The Noerr-Pennington doctrine, which protects the First Amendment right to petition the government, has traditionally been used to shield lobbying activity from antitrust liability, even when such activity’s intent is to harm a competitor. In a recent decision, the Seventh Circuit affirmed a district court’s dismissal of an antitrust suit, holding that the Noerr Pennington doctrine protected the defendant hospital’s deceitful and objectionable tactics employed in lobbying to prevent the construction of a competing medical facility.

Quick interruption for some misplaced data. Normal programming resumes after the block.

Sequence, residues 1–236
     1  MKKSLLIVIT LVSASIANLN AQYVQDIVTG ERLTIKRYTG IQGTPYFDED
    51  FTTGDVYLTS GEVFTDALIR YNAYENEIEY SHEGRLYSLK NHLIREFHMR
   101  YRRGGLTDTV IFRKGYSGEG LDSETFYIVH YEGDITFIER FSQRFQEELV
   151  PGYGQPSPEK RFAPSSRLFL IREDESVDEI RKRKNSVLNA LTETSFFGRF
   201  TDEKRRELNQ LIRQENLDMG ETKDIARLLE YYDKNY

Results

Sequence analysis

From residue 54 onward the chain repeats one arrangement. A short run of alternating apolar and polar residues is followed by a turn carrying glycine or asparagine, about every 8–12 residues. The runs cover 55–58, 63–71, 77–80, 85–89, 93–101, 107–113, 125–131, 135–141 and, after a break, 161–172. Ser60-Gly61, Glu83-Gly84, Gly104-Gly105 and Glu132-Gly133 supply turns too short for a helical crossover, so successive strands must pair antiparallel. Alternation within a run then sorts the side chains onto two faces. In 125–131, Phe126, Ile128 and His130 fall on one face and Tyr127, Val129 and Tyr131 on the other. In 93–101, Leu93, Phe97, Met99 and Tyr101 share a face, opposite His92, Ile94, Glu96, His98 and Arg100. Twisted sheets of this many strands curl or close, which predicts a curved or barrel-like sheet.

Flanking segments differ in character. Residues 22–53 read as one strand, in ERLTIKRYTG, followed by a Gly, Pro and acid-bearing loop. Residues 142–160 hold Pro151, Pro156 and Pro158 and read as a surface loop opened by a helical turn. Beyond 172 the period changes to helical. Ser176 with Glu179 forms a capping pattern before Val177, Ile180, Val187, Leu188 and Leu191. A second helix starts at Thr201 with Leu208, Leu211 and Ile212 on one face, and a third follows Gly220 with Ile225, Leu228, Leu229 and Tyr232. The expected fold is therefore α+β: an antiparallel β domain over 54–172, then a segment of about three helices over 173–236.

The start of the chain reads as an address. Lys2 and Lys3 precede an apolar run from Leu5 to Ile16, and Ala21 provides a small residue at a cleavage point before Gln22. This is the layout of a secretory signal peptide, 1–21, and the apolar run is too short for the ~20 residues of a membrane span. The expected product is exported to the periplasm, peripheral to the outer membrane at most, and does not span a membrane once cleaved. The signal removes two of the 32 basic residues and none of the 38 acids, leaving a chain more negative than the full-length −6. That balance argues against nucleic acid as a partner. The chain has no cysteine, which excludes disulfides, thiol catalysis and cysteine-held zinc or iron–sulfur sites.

In Mercatus Group, LLC v. Lake Forest Hosp., No. 10-1665 (7th Cir. May 26, 2011) Plaintiff Mercatus Group, LLC (“Mercatus”) claimed that Defendant Lake Forest Hospital (the “Hospital”) violated Section 2 of the Sherman Act by encouraging the local licensing board to deny Mercatus permission to build a competing medical facility. The Seventh Circuit’s decision makes clear that, with very few exceptions not present in this case, the First Amendment considerations that underlie Noerr-Pennington will trump antitrust concerns even when the defendant’s tactics might otherwise be subject to criticism.
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